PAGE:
Palin seems to thrive on the ongoing speculation about her desire to run for the presidency. However, the race has fundamentally changed since she flirted with the idea earlier in the year. While in her Newsweek interview she joined the chorus of those who long for more candidates, most Republicans have said they are hoping for a figure to emerge who can unite both the party establishment and its grass roots. Which is to say, somebody like Paul Ryan or perhaps Rick Perry but most definitely not Sarah Palin.
After months of dithering and refusing to confront Syria’s dictatorial regime over its attempts to suppress dissent, it looks like last week’s visit by the American and French ambassadors to the besieged town of Hama got the Assad government’s attention. A mob of Assad’s supporters stormed the American Embassy in Damascus today and vandalized the building.
Like his Iranian allies, Assad appears to take a dim view of the Obama administration’s seriousness when it comes to such confrontations. Since Washington has been careful up until this moment to not rile him too much, Assad clearly believes the U.S. will back down in the face of a physical threat to American personnel. The question now for Obama and Secretary of State Hillary Clinton is whether they are prepared to answer this provocation in a manner the Syrians will understand. If they do not act now to convince the Syrians to back down, the cost to the West and its friends may be measured in blood rather than broken glass.
The bleak jobs report for June was discouraging for everyone, but the one demographic hit hardest by the unemployment crisis is the same group that turned out overwhelmingly to support Obama in the 2008 election — young Americans. Nearly one-in-five 16-to-24-year-olds who are looking for work can’t find a job, reports the National Journal’s Jim Tankersley–nearly a 30-year high for youth unemployment.
In 2008, analysts argued that the record youth voter turnout may have given Obama the edge in some closely-contested states. The question now is whether young voters will once again turn out in such large numbers for Obama in 2012. While 53 percent of Americans under the age of 30 still approve of the president’s job performance according to the latest Gallup poll in June, that’s a steep drop from the 74 percent that approved of him in the spring of 2009.
The dipping numbers may be due to growing disillusion with the president. Despite being one of the groups most impacted by unemployment, in 2008, young people pinned the most hope to Obama’s ability to deal with the economic crisis:
Obama and Republicans alike should pay particular attention to youth optimism about the direction of the economy. In 2008, exit polls showed that 54 percent of young voters believed that the economy would improve over the next year, compared with 47 percent of the rest of the electorate. Obama probably needs millennials to be similarly upbeat in 2012. In other words, it’s all about confidence—like so much else in the economy these days.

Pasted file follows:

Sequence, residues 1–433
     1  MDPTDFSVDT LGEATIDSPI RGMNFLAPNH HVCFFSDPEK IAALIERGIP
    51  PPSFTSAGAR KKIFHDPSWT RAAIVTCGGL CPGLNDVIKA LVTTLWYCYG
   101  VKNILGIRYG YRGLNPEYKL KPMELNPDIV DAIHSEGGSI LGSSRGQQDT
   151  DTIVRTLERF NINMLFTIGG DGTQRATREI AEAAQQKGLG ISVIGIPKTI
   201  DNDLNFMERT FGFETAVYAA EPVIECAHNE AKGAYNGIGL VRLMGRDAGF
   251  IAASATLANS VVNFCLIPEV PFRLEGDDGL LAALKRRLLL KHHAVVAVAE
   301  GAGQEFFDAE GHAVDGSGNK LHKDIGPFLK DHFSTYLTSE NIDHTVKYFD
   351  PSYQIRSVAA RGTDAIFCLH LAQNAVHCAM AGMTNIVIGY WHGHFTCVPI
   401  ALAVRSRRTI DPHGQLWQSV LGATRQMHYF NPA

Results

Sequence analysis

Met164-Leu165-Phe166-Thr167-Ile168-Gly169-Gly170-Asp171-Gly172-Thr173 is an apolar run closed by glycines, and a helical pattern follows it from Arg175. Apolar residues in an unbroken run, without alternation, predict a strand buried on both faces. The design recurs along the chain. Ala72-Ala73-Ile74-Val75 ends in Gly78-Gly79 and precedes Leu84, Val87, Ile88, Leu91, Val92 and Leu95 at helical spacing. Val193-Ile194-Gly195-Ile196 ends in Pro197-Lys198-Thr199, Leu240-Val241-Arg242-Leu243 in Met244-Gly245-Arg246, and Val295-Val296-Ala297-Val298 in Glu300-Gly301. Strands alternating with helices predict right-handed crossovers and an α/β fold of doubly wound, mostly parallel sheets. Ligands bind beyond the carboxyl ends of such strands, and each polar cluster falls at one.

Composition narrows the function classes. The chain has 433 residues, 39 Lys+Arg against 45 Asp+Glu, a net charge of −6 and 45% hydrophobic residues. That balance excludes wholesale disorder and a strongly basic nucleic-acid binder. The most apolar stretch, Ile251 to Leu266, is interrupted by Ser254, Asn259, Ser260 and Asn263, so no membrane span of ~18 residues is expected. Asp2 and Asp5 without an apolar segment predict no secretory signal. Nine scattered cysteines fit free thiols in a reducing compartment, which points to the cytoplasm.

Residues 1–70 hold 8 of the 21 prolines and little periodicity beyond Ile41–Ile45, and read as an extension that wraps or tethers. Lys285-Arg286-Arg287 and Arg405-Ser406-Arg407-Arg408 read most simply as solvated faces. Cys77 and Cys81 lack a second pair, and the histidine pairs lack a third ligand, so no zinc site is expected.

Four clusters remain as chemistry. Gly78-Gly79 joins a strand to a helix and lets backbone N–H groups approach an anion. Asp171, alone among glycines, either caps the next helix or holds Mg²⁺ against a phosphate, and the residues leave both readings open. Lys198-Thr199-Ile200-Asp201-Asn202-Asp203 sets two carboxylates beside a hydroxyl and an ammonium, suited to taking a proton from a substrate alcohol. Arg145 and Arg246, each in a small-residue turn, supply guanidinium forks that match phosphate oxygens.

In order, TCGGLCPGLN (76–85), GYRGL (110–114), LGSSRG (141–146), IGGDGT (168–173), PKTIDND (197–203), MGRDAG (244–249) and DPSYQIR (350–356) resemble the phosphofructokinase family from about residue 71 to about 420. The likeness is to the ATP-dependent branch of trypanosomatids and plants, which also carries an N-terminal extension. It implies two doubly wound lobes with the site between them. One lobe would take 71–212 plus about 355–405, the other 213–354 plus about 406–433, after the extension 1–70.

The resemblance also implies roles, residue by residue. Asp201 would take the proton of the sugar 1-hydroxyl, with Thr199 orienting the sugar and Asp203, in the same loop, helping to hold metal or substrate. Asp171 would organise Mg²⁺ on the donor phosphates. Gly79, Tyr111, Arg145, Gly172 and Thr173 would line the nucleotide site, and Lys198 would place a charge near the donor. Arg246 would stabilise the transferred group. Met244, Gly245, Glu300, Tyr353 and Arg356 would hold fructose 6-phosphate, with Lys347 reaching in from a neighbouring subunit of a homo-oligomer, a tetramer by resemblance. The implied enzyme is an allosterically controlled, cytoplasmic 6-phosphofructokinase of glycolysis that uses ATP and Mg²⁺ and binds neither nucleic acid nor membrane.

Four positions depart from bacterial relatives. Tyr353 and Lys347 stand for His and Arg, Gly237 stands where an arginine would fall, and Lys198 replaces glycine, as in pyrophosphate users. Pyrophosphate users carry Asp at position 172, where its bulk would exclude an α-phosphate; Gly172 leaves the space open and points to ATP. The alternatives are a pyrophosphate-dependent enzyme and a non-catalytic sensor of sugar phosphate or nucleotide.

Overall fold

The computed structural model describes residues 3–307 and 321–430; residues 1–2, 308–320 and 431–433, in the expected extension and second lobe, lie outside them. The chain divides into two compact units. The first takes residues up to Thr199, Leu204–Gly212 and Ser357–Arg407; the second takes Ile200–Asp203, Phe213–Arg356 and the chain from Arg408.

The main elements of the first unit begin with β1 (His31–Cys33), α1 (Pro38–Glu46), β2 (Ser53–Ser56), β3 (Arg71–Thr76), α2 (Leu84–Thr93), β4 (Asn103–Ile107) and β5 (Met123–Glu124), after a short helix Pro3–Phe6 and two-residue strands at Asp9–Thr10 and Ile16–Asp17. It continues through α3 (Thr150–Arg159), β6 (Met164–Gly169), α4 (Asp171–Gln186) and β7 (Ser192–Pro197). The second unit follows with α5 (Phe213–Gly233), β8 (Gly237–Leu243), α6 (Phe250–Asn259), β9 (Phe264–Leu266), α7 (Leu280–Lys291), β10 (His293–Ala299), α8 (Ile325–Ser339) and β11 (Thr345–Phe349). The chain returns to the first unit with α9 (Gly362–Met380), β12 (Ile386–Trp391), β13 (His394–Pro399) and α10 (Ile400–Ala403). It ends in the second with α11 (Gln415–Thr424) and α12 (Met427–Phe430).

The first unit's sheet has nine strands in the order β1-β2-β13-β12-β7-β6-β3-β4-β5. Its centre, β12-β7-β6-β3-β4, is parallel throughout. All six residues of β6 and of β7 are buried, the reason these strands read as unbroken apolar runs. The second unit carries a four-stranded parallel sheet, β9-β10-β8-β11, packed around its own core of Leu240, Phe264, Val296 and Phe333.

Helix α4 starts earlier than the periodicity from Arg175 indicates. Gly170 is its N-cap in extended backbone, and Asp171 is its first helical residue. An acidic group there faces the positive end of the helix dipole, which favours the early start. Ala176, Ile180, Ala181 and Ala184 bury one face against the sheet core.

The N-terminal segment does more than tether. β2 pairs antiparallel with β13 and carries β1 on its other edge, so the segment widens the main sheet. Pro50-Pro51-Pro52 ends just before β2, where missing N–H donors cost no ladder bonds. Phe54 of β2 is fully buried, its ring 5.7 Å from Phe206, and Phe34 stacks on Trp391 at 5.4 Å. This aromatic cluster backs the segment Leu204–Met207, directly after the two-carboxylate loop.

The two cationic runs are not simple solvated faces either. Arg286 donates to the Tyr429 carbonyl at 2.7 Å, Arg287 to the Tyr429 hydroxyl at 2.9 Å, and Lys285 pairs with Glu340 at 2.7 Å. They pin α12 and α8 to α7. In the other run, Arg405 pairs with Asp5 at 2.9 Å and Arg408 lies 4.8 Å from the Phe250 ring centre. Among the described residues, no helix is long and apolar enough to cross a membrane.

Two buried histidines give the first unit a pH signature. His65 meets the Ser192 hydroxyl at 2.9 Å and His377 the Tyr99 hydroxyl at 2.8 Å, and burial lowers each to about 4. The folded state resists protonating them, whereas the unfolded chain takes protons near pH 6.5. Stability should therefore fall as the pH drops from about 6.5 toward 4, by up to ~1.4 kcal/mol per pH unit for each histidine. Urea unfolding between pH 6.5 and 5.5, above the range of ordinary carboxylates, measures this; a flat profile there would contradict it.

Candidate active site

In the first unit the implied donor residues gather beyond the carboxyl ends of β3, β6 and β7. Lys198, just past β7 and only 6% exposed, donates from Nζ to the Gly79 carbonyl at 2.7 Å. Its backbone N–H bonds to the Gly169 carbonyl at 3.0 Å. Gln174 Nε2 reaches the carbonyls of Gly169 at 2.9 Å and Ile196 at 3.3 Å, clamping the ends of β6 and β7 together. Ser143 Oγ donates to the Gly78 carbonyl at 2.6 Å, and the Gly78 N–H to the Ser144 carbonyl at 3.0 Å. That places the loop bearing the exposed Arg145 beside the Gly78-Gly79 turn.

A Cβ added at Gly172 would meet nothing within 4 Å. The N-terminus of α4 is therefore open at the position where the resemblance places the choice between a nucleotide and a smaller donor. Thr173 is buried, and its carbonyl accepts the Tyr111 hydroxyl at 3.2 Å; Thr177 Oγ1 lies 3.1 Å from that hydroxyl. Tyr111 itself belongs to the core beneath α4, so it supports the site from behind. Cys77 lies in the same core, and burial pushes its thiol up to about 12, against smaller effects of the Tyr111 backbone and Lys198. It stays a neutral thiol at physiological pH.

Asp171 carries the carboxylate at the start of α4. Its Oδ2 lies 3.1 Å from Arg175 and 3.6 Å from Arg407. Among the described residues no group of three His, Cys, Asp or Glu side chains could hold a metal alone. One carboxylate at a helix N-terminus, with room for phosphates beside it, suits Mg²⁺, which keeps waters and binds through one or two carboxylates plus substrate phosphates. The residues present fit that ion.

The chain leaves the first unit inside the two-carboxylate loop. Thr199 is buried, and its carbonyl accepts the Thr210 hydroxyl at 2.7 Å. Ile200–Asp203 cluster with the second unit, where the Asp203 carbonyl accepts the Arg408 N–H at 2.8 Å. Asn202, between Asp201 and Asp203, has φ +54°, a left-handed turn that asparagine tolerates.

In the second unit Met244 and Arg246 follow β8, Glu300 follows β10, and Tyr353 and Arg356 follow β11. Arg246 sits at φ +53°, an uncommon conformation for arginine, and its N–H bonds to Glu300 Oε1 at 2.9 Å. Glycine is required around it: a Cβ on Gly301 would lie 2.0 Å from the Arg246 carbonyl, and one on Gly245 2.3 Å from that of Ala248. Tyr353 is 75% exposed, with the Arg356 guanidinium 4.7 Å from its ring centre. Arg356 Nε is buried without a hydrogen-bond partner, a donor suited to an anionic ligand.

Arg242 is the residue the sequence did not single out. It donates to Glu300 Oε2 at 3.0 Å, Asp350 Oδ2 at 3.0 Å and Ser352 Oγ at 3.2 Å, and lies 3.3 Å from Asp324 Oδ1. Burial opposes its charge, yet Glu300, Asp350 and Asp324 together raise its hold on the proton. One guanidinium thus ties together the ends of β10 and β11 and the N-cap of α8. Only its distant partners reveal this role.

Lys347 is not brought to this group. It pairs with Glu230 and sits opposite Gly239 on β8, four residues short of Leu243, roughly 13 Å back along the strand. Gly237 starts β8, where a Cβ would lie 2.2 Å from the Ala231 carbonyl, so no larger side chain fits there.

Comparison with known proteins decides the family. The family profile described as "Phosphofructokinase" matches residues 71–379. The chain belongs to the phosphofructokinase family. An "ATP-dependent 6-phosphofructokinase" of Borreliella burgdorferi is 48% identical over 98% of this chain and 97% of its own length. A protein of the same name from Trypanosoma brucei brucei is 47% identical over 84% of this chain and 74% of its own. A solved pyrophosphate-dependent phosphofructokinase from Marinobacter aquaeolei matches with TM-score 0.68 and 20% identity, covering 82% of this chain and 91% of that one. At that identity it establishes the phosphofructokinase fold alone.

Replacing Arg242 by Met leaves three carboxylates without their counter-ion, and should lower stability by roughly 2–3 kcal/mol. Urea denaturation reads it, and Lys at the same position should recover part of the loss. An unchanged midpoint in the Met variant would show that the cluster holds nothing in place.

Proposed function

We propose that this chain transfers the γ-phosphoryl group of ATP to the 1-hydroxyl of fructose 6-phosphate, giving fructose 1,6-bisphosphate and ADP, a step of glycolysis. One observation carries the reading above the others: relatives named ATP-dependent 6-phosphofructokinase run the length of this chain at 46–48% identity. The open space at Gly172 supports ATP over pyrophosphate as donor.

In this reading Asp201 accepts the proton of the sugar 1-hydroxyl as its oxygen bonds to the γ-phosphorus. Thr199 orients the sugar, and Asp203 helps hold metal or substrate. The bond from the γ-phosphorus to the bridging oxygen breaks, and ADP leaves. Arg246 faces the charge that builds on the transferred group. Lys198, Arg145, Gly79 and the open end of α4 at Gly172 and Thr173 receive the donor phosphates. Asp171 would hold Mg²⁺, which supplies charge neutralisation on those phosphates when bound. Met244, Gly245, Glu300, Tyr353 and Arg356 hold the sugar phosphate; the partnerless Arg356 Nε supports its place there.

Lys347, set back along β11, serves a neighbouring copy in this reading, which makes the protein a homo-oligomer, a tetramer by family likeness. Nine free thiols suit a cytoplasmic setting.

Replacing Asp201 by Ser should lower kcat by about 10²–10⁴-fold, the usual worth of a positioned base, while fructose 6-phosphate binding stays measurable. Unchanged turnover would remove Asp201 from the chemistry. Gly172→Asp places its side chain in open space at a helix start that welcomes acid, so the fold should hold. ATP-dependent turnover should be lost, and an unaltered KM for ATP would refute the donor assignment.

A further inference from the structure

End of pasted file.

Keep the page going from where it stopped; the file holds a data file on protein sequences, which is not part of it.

The fact that these hopes have been dashed may not translate to automatic support for Republicans, but there’s a good chance it will have an impact on whether or not young people show up at the polls.
On Friday, ABC’s Jake Tapper asked White House press secretary Jay Carney to respond to a statement made by David Plouffe, a senior adviser to the president. Here’s what Plouffe said: “The average American does not view the economy through the prism of GDP or unemployment rates or even monthly jobs numbers. People won’t vote based on the unemployment rate, they’re going to vote based on, ‘How do I feel about my own situation? Do I believe the president makes decisions based on me and my family?’”
And here’s what Carney had to say in response:
Well, I understand that we’re engaged in the – or rather, the Republicans are engaged in a primary campaign, trying to get some media attention. I don’t know where the voters that some other folks might be talking to — but — or — but most people do not sit around their kitchen table and analyze GDP and unemployment numbers. They talk about how they feel, their own economic situation is. And they measure it by whether they have a job, whether they have job security; whether their house –whether they’re meeting their house payment, whether their mortgage is underwater; whether they have the money to pay for their children’s education or they don’t; whether they’re dealing with a sick parent and can afford that, or whether they can’t. They do not sit around analyzing The Wall Street Journal or other — or Bloomberg — to look at the, you know, analyze the numbers. Now, maybe some folks do, but not most Americans. I think that’s the point David Plouffe was making; that’s the point the president was making just moments ago in his statement in the Rose Garden.